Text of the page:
This time they are killing hoiho (yellow eyed penguins), driving the species to extinction.
That is if you believe the alarmists claims from the anti-commercial fishing lobby.
The unsubstantiated claim by Forest & Bird is that a decline in nesting numbers on Codfish Island west of Stewart Island - from 24 to 14 - is entirely due to drowning in commercial set nets.
F & B calls for "honest conversation" about this "catastrophe" before demanding Government action to "save our hoiho from extinction".
Anyone reading that would assume the beloved bird that adorns our $5 note is about to be wiped out.
That is simply not the case.
What the emotive F&B media campaign fails to mention is that the great bulk of the yellow-eyed penguin population - about 85 percent - inhabits the sub-Antarctic Auckland and Campbell islands where no set netting occurs in coastal waters out to 12 nautical miles. In fact no fishing occurs in those waters full stop. The estimated total penguin population is 1700 pairs.
On the mainland, the estimate for the southern east coast is 246 pairs, a 6 percent decline on the previous year's count of 261.
The penguin protectors' motives are admirable but the Trump-style truthiness approach is disingenuous.
The tactic, which we are familiar with by now, is to take an issue of legitimate concern, highlight one aspect of it, take it out of context, ignore any evidence that contradicts the narrative and put out a one-sided media statement for maximum impact.
The fact is research by Otago University's Dr Ursula Ellenburg does not conclude that fishing is the major cause of yellow-eyed penguin deaths. She found there are many threats to the species including climate change, habitat degradation, disease and predation. However, the research does say that, of any threat caused by fishing, set nets cause the most deaths.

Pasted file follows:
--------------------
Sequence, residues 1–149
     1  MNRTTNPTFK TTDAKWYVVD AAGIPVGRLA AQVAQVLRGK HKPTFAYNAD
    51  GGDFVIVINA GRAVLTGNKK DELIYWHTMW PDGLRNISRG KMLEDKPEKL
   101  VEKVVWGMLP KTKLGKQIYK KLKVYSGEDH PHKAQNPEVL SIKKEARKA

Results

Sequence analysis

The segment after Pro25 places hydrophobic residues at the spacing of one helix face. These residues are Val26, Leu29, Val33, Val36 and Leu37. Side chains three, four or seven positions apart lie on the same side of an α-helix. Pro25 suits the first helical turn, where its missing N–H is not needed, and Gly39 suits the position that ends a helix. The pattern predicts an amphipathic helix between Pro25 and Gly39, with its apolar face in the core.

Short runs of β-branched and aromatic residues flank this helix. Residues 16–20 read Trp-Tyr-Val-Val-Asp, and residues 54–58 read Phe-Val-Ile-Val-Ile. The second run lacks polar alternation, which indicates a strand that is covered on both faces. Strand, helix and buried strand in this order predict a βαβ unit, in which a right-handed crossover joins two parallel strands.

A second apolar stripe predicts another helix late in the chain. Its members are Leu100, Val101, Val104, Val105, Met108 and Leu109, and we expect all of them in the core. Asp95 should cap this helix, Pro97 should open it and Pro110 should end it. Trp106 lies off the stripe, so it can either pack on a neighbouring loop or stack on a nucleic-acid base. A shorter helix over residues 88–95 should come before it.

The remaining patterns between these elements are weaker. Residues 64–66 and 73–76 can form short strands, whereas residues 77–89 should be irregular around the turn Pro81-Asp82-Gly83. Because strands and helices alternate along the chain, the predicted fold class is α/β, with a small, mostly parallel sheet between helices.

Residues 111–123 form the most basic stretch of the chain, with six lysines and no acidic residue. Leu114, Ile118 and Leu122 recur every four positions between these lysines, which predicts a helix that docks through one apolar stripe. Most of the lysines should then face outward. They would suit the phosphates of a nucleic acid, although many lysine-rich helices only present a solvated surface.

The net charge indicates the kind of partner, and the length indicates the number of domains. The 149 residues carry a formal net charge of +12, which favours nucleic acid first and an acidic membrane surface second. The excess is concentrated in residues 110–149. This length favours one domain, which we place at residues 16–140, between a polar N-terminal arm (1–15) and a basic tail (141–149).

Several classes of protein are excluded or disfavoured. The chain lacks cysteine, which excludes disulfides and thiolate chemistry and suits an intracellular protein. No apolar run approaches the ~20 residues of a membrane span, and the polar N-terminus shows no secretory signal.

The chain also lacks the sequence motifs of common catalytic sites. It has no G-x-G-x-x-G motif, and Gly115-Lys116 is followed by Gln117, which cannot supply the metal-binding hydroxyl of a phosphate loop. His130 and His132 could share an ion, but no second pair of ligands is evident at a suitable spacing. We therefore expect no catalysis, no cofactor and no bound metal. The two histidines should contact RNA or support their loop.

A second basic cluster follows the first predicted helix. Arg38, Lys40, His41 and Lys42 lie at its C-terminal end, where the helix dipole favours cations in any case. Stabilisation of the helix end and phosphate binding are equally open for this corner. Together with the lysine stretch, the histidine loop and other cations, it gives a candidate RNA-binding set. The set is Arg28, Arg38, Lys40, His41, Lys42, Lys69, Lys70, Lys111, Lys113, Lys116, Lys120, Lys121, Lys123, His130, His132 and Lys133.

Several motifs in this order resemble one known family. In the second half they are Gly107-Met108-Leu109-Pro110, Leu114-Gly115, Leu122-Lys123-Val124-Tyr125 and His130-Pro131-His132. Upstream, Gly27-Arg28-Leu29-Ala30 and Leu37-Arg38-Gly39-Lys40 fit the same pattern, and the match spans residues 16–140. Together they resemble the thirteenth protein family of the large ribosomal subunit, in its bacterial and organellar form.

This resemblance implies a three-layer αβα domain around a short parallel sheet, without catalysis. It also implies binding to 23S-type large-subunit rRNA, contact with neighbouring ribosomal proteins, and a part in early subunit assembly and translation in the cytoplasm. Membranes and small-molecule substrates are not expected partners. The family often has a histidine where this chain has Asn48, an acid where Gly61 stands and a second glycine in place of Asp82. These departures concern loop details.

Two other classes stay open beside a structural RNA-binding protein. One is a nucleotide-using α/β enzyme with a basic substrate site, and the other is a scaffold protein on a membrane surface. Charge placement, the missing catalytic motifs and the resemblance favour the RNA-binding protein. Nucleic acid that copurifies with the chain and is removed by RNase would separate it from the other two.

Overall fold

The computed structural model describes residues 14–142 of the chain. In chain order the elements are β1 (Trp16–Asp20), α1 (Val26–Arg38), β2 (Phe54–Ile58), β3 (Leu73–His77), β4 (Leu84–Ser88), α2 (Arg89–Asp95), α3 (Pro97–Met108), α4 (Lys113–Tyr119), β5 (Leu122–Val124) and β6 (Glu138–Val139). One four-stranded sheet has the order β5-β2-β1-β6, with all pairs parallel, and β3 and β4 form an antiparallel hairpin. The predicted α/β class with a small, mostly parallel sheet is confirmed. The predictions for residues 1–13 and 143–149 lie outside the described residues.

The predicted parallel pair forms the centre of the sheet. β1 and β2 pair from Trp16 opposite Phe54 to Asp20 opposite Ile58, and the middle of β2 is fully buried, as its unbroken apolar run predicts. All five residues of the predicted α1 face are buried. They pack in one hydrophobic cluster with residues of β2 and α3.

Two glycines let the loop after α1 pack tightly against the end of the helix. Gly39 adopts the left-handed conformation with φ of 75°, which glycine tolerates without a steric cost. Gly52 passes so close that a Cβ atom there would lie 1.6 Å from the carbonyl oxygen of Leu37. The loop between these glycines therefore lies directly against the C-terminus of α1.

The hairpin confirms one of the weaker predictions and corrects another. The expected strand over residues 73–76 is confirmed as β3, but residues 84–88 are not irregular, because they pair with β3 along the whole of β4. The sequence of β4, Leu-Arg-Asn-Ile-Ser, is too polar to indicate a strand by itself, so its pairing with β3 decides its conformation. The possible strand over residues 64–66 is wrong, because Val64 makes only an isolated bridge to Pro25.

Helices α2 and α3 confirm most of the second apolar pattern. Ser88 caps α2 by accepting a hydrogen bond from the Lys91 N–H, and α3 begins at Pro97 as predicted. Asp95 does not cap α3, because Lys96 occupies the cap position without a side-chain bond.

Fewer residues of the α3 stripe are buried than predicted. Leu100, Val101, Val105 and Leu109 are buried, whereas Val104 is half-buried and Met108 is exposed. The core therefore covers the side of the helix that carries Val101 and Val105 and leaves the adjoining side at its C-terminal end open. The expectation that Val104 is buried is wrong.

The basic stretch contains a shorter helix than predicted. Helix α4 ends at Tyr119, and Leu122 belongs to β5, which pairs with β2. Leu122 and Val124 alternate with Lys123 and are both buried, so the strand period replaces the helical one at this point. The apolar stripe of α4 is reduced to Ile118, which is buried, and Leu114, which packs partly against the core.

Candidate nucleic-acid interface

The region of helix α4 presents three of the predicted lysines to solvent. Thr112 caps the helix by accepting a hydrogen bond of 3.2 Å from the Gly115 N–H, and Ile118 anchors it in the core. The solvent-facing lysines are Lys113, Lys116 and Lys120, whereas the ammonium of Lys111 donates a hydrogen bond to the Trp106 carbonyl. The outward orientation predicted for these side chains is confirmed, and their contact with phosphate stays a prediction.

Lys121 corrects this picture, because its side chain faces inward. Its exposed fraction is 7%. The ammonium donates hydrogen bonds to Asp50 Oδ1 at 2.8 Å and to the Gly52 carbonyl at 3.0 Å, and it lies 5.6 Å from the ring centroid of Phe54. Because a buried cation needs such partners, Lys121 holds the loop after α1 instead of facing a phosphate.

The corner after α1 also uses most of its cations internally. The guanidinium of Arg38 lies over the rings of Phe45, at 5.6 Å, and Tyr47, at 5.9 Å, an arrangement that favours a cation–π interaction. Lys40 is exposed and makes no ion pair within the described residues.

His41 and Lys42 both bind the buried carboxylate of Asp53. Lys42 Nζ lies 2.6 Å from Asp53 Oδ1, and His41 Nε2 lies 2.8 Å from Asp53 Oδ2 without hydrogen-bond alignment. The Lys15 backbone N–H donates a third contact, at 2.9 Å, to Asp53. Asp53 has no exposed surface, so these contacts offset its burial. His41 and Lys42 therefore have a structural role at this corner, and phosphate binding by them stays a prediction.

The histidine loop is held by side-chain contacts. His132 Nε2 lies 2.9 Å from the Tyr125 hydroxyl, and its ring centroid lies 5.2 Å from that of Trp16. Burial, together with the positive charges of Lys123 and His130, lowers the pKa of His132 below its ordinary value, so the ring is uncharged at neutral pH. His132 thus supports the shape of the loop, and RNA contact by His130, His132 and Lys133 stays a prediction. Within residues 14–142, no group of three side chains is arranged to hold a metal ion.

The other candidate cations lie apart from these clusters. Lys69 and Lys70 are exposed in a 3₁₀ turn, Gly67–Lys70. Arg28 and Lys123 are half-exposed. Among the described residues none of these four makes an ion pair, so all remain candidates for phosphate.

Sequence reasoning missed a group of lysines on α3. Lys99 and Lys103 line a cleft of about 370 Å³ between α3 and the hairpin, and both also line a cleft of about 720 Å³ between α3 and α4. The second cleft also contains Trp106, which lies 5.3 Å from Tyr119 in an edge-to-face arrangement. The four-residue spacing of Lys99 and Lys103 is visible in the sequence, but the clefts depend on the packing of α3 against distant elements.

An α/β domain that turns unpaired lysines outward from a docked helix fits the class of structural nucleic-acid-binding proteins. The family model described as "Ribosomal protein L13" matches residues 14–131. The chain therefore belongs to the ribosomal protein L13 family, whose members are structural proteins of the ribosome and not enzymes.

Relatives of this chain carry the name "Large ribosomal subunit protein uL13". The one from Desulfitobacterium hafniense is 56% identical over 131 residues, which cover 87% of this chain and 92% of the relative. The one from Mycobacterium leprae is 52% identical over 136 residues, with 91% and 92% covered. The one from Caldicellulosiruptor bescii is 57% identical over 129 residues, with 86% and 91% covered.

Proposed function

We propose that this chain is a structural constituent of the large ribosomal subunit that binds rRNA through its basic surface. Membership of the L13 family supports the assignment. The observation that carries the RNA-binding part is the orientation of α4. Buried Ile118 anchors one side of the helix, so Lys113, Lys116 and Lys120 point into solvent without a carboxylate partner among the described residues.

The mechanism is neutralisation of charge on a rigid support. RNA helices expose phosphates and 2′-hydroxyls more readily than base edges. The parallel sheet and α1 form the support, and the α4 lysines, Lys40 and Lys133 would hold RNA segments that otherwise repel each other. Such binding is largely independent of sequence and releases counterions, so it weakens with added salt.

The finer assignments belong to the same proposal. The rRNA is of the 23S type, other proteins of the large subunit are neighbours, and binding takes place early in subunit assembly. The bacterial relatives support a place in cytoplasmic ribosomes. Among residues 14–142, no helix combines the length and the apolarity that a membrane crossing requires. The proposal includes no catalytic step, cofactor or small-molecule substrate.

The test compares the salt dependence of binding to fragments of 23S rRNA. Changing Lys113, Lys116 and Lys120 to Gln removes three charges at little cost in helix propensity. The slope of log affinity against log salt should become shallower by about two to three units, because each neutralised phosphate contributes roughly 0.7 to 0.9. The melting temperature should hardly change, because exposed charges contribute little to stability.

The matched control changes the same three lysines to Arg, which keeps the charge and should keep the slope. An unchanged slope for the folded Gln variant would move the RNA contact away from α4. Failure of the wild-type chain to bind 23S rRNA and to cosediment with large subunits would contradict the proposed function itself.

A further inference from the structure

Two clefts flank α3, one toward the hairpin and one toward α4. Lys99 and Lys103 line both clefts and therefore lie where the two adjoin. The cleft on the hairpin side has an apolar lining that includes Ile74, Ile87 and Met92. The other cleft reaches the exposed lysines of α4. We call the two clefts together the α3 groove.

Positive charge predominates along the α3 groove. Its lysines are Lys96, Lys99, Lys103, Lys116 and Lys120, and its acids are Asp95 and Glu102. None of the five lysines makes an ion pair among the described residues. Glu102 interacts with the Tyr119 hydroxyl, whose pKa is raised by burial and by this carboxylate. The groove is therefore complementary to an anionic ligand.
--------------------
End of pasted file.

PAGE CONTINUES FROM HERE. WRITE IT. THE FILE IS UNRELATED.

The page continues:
Avian diphtheria remains a serious ongoing issue for the birds and can affect a large proportion of newly hatched chicks, according to the Department of Conservation.
Great white sharks, barracouta, fur seals, sea lions and leopard seals all prey on penguins.
Otago University marine mammal scientist Dr Chris Lalas says one threatened species (sea lions) preying on another (penguins) creates a quandary for conservation management.
On land, introduced mammalian predators including stoats have an impact on yellow-eyed penguin chicks and dogs are a threat to adult birds.
Fishing does pose some risk to yellow-eyed penguins. Industry takes a range of precautions to limit captures and is happy to discuss what measures can be implemented to assist further.
The Ministry for Primary Industries observed 25 percent of all commercial set net activity off Southland and the southern part of the east coast over the past 12 months and found no captures of yellow-eyed penguins, according to fisheries management director Stuart Anderson.
F & B claims the real number is likely to be in the hundreds.
Set netting within four nautical miles of land is already prohibited in much of the Southland Fisheries Management Area.
The fishing industry is not in denial.
Its activities do have an impact on the marine environment and its inhabitants, just as farming does on land.
It is the degree of that impact that is at issue.
The industry is committed to reducing that, a fact the environmental NGOs struggle to acknowledge.
Southern Inshore Fisheries and Fisheries Inshore New Zealand, in conjunction with MPI, have developed 10 golden rules to reduce risk to penguins and shags from setnet fishing.
And here's a suggestion to make more progress.
Instead of pillorying the seafood industry with half truths, seek a dialogue first, avoid simplistic claims, put the issue in context, show respect and goodwill to other parties and work to find compromises to reach a satisfactory solution.
Or maybe we should ban sea lions and great white sharks to fully protect penguins.
And do away with dogs too.